Discursive strategies of resistance in Weibo — A Case Study of the 2015 Tianjin Explosions in China
26/10/2017 (Thursday) 13:00-14:00 E21-G002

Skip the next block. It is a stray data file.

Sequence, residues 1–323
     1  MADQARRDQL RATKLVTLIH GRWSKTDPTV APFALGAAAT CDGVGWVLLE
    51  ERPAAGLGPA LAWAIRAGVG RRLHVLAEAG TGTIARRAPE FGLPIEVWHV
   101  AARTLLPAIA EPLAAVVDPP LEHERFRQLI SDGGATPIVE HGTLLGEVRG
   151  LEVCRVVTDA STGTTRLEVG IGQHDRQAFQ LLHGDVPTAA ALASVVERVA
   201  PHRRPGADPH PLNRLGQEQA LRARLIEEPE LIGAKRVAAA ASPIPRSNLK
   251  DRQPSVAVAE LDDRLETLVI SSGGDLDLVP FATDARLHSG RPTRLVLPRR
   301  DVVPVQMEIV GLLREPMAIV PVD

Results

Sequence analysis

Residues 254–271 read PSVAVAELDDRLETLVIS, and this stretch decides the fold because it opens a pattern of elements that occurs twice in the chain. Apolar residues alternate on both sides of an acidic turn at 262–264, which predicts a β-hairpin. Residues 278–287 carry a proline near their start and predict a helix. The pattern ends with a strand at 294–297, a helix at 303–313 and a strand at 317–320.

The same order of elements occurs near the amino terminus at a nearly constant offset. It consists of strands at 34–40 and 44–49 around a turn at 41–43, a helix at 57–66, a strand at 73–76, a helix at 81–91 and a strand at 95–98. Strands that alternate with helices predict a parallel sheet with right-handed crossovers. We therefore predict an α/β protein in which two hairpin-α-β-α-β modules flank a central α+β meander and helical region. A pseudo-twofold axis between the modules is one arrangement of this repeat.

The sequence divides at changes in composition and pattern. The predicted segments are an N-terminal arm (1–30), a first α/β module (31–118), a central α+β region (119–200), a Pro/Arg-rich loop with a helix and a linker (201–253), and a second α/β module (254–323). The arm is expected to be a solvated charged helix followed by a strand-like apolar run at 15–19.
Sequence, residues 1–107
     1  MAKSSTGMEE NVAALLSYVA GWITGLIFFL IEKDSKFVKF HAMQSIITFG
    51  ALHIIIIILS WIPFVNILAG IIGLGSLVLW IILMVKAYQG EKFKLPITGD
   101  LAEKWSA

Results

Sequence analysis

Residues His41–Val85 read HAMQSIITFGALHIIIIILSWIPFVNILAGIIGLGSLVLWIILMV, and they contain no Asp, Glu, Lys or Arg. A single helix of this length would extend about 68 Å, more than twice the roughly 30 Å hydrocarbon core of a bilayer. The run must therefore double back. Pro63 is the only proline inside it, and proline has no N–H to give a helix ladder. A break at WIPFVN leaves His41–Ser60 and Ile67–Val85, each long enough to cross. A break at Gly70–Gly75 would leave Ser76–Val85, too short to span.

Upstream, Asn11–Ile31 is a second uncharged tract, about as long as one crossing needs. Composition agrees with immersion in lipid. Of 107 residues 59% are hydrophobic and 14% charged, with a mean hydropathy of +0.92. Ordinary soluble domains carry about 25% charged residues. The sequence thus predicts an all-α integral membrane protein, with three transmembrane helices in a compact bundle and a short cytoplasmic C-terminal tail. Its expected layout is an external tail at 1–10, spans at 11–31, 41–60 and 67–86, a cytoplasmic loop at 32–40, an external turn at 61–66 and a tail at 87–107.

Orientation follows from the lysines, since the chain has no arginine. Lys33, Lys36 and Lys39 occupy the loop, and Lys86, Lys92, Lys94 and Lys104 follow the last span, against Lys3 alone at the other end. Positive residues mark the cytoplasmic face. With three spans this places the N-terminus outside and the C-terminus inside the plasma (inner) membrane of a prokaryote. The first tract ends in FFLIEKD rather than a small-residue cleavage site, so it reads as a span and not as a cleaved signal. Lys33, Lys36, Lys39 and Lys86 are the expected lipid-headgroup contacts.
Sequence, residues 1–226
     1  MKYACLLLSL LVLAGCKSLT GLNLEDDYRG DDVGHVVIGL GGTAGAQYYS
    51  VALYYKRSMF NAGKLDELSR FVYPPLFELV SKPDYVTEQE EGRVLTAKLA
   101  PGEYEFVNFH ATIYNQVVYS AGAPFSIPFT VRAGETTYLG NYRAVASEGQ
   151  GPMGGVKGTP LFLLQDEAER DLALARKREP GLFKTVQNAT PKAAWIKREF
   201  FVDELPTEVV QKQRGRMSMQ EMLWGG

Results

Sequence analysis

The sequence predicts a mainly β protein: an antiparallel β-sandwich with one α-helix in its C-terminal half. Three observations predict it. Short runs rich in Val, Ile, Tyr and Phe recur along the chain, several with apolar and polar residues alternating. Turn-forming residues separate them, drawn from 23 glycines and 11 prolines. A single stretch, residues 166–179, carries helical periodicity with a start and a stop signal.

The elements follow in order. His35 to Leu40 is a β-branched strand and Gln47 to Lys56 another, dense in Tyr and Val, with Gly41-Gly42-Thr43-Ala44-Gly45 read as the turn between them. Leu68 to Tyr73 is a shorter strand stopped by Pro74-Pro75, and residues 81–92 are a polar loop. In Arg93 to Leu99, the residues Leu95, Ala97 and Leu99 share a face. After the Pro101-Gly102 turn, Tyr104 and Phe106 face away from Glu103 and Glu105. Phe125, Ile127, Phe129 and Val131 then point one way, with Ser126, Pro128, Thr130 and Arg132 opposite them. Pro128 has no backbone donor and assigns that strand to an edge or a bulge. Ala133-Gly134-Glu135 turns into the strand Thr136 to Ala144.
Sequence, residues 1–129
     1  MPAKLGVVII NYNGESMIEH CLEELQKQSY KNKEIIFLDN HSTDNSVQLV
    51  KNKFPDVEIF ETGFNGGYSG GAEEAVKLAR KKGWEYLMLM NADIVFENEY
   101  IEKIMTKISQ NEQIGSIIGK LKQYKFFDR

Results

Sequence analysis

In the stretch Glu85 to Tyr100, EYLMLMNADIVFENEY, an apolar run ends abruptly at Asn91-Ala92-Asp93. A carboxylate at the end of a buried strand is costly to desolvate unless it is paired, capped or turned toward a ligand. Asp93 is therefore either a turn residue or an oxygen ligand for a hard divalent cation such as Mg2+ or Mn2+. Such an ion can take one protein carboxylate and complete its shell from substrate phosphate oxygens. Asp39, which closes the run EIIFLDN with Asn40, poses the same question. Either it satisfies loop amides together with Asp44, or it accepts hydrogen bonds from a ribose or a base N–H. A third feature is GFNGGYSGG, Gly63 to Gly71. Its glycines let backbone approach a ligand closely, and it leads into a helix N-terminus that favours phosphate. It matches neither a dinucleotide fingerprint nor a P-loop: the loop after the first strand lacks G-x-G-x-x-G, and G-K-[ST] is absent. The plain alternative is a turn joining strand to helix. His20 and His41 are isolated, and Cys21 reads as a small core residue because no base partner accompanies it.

In 2015, the worst industrial accident since the founding of the P.R.C., took place in Tianjin (a major city close to Beijing) when a series of massive blasts occurred in chemical storage warehouses, killing 173 and injuring over 700. Against the backdrop of the slow and unsatisfactory reactions by the local authorities, users of social media – especially Weibo (a popular microblogging service in China) – united to fill the blanks left by official narratives and eventually forced both central and local governments to investigate what led to the blasts and to them finally holding more than 20 people criminally responsible. By drawing upon data immediately following the explosions, this study adopts a discourse approach to unravel the details and dynamics of how Weibo users challenge the official discourse and offer an alternative discourse of the disaster online. It identifies three discursive strategies of resistance in Weibo: a) resisting by amplifying the event through quoting witness’s accounts; b) resisting by rumor creation and amplification; c) resisting by ridiculing the official discourse through satire. The strategies of resistance exemplify how Chinese netizens actively use social media platforms to express sociopolitical arguments in non-democratic contexts, and in turn reshape the power relations between the state and the public.